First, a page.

In 1901, workers began to cut a ninety-one-metre tunnel through the sandstone of the Darlington Range. First used in 1903, it is now known as the Lahey’s Canungra Tramway Tunnel. It was part of a privately-constructed tramway route owned by the Lahey family, who controlled a large timber operation and used it to haul logs between their leases in the Coomera Valley and their mill in Canungra.
In 1884, David Lahey began work on Canungra’s first sawmill. He and four of his siblings soon obtained parcels of timber-rich land, totalling approximately 3000 acres. During the late-nineteenth century, they acquired an office in Brisbane, established further mills at Beaudesert and Widgee, and increased their lease-holdings to 16,000 acres. By the beginning of the twentieth century, the Laheys’ Canungra mill was the dominant force in the town’s economy. The expanding scope of their operation required them to use inefficient and expensive bullock-trains to haul timber across increasingly large distances. A private tramway, using a geared Climax steam locomotive which could operate on the steep track, offered a possible solution. It initially proved a success, being substantially extended during the early-twentieth century. The Climax locomotive was joined by three Shay patent geared steam locomotives as the haulage task grew.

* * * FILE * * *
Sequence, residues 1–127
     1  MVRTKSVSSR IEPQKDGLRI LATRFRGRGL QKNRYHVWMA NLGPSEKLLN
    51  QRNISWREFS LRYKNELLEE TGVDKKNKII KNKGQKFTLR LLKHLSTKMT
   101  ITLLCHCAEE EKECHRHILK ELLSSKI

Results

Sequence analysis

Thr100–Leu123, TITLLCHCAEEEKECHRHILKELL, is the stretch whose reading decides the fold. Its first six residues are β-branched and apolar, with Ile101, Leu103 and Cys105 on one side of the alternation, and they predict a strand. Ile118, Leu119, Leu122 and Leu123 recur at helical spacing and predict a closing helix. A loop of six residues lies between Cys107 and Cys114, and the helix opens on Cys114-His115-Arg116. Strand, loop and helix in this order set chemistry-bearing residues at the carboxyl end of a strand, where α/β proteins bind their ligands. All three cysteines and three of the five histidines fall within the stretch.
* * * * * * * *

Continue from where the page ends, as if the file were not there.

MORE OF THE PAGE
In 1920, the War Service Homes Commission purchased Laheys’ operation, effective 1st January 1921, and closed the mill shortly afterwards. The Lahey family in the guise of Brisbane Timbers Ltd repurchased the tramway in 1924 and continued to use it intermittently to supply their mill at Corinda. In 1933, it closed for good and the track was dismantled. During the Second World War, the Kokoda Barracks at Canungra used the tunnel to store ammunition. At the beginning of the twenty-first century, it gained a new lease on life, opening to the public in 2001 and obtaining heritage listing in 2005.
- Centre for the Government of Queensland. “Canungra.” Queensland Places (https://queenslandplaces.com.au/canungra).
- Susan Prior. “The Laheys’ Legacy.” Secret Brisbane (https://www.secretbrisbane.com.au/home/2017/1/lahey-legacy).
- Queensland Government. “Lahey’s Canungra Tramway Tunnel.” Queensland Government: Queensland Heritage Register (https://apps.des.qld.gov.au/heritage-register/detail/?id=602529).
Queensland Museum. “Industrial Light Rail in Queensland.” Queensland Museum (https://www.qm.qld.gov.au/Find+out+about/Histories+of+Queensland/Transport+Road+and+rail/Industrial+rail+in+Queensland#.XOYrHMgza70).